Beautycheck Symmetry Study


March 11, 2013 by Ville Raivio

“Recent research has shown that in fact all people seem to have similar ideas about what constitutes an attractive face. We all seem to judge faces in the same way – but why and how does this work? And what social consequences might this have?

During a long-term research project at the Universities of Regensburg and Rostock (Germany), we have tried to find answers to questions like these. We questioned why some faces seem more attractive than others; and we did experiments on social perception, that is: we tried to find out about the social qualities attributed to faces of specific attractiveness.

We conducted seven large sampling surveys (total n=500) in order to test several hypotheses on human facial attractiveness. These hypotheses are the ‘attractiveness is averageness’ hypothesis (Langlois & Roggmann, 1990: “average faces are most attractive”), the ‘symmetry hypothesis’ (Grammer &Thornhill, 1994; Thornhill & Gangestad 1999: “facial symmetry has a positive influence on facial attractiveness ratings”) and the theory of ‘multidimensional beauty perception’ (Cunningham, 1986: “attractive faces show a combination of signs of sexual maturity and babyfaceness”). We furthermore performed experiments on the correlation between attractiveness and attributed social qualities (Dion, Berscheid & Walster, 1972: “what is beautiful is good”).

The results of our symmetry experiments show a clear but only weak relationship between facial attractiveness and symmetry: very asymmetrical faces are rated unattractive, but unattractive faces don’t need to be asymmetrical. Vice versa, very symmetrical faces don’t need to be very attractive, and very attractive faces may show remarkable deviations from ideally symmetrical proportions. In summary, symmetry seems only to be a weak factor to explain facial attractiveness.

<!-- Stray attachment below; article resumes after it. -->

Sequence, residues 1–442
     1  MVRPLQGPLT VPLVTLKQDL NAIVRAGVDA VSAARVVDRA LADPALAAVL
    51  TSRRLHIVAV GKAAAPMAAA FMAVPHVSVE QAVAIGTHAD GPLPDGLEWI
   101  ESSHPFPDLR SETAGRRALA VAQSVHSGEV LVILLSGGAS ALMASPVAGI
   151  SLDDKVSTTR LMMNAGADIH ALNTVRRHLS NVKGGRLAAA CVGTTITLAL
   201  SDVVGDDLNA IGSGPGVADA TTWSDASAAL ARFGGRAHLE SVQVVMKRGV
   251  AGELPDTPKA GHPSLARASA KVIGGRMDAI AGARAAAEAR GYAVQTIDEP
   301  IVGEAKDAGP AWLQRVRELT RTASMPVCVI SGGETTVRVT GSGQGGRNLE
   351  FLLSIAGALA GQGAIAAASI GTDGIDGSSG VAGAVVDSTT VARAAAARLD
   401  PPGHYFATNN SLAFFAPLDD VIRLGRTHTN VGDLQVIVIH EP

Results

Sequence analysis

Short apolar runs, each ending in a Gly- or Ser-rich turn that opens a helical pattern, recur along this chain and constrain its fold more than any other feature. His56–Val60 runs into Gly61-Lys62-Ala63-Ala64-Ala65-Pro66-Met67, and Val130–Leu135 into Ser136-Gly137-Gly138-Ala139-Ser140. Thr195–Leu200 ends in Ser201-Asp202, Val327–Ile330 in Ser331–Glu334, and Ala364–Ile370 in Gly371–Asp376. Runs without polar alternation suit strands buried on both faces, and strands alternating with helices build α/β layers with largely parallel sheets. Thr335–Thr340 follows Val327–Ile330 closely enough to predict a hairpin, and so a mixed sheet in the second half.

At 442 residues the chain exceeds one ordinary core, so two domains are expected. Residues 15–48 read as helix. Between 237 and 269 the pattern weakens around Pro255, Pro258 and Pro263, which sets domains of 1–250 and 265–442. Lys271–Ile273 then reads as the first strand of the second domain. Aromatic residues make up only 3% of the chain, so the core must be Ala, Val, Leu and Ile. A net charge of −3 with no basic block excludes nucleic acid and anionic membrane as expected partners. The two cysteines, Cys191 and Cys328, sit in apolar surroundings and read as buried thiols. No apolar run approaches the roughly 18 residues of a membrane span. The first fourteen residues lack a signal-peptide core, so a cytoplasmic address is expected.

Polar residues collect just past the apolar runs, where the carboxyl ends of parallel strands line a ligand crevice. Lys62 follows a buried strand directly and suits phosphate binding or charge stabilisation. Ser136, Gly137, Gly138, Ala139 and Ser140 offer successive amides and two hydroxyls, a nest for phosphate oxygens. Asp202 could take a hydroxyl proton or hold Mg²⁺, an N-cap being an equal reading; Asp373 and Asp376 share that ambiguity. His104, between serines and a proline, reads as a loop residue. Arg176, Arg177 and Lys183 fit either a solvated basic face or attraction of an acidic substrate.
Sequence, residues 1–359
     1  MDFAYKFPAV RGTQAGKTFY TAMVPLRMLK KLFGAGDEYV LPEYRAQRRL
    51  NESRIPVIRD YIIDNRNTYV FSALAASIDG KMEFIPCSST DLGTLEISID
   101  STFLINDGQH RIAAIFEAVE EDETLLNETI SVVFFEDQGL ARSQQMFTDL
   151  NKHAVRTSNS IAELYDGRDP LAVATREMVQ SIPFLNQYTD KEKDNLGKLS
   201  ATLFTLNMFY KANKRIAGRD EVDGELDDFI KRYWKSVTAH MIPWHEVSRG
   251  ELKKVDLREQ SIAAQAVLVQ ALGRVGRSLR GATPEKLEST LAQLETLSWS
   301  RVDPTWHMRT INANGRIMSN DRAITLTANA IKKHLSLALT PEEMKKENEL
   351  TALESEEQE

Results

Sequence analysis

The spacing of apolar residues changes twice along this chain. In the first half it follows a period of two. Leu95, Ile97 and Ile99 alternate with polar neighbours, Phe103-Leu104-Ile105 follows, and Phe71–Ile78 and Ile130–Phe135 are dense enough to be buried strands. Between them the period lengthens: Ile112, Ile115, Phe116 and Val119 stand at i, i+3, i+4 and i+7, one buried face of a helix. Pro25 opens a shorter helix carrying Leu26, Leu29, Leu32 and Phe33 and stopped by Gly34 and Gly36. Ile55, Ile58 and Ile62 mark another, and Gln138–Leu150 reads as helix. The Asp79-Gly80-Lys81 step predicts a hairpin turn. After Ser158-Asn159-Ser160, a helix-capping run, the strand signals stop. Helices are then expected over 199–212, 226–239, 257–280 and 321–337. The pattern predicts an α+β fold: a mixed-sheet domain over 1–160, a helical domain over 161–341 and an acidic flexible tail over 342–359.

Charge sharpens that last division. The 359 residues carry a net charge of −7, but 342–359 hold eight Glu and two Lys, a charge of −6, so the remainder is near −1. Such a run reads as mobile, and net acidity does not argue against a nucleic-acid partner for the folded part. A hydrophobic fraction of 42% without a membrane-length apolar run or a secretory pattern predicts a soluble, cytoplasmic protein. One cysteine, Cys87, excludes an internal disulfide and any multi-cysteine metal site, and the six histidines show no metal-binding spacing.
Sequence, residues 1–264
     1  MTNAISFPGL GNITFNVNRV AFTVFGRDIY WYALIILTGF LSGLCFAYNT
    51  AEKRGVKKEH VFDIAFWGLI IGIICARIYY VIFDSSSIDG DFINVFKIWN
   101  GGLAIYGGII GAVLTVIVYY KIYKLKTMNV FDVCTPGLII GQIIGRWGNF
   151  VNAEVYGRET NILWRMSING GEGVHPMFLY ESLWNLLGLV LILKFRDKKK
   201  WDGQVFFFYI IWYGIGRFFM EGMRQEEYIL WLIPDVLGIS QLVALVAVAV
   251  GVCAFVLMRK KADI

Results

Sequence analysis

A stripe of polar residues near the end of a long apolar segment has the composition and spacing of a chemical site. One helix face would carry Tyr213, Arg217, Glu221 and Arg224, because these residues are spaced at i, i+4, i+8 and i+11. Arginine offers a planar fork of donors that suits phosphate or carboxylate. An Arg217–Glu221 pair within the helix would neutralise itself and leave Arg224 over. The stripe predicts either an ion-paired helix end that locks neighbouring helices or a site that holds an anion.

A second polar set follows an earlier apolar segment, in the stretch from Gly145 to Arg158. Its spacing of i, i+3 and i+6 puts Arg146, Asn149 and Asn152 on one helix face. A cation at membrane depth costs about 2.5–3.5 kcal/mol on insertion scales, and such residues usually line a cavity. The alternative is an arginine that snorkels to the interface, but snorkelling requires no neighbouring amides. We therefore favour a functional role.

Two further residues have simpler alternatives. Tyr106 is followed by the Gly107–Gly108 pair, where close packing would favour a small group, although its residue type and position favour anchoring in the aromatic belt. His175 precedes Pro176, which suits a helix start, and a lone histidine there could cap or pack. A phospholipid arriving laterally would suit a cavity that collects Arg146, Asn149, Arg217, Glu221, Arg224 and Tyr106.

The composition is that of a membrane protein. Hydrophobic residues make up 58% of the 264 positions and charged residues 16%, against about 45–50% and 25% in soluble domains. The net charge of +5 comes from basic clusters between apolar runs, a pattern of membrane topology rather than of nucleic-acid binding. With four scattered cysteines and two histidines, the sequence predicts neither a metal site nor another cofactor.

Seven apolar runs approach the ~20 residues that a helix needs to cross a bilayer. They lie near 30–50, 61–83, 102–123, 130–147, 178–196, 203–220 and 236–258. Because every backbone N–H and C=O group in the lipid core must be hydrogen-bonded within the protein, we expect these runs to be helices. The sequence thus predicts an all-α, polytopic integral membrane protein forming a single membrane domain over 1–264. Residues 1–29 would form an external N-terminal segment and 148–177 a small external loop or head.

To sum up, our study shows clearly that the most attractive faces do not exist in reality, they are morphs, i.e. computer-created compound images you would never find in everyday live. These virtual faces showed characteristics that are unreachable for average human beings.

Despite this fact, people living in modern post-industrial societies are exposed to these kinds of artificially created and manipulated, ‘perfect’ faces every day, e.g. via TV advertising or fashion magazines. The result may be that we all may become victims of our self-created, completely unrealistic ideal of beauty. ”





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